The conflict between gender and race seems to center around the fact that misogyny is embedded in the machismo of Esperanza's Latino culture. In the third vignette, Esperanza discusses how she sees this gender inequality early in her life.
The boys and girls live in separate worlds. The boys in...
their universe and we in ours. My brothers for example. They've got plenty to say to me and Nenny inside the house. But outside they can't be seen talking to girls.
Not only do the girls see the difference at a young age, the boys are also aware of the unspoken rules in their culture regarding gender; girls are not spoken to in public.
Esperanza also faces racism because of the stereotypes that others have regarding Latinos—for example, that they are all in gangs and carry knives.
Those who don't know any better come into our neighborhood scared. They think we're dangerous. They think we will attack them with shiny knives. They are stupid people who are lost and got here by mistake.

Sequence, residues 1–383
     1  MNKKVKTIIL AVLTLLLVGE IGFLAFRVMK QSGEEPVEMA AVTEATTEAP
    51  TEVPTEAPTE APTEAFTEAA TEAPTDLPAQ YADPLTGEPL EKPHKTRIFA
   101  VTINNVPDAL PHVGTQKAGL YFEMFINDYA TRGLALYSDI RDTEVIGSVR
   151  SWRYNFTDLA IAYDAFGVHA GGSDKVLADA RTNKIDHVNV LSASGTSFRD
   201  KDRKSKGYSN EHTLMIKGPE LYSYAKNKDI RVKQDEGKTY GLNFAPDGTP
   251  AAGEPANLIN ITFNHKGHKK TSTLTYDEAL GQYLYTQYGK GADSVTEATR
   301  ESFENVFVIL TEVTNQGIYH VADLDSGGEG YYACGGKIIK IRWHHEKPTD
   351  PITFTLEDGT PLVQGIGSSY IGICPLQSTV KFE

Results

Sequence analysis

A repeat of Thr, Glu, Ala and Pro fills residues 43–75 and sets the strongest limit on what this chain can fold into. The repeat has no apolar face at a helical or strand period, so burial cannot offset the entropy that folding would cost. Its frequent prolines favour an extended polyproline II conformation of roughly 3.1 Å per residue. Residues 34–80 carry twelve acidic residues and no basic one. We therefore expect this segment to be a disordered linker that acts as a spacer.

Esperanza faces discrimination and oppression not only from those outside of her culture, but from within her own culture as well, leaving her soul doubly wounded.
In the vignette "The Family of Little Feet," Esperanza and her friends are playing dress-up with a selection of high-heeled shoes that they received from their neighbor when they suddenly become aware that grown men in their neighborhood are noticing them in a prurient way. Mr. Benny, the grocer, says,
"Your mother know you got shoes like that? Who give you those? ... Them are dangerous," he says.
Esperanza soon learns that even a woman's clothing has a different meaning than a man's clothing. She learns the lesson early that what she wears has unspoken rules.
It is her own culture that promotes gender stereotypes and misogyny, and this is what creates the conflict for Esperanza.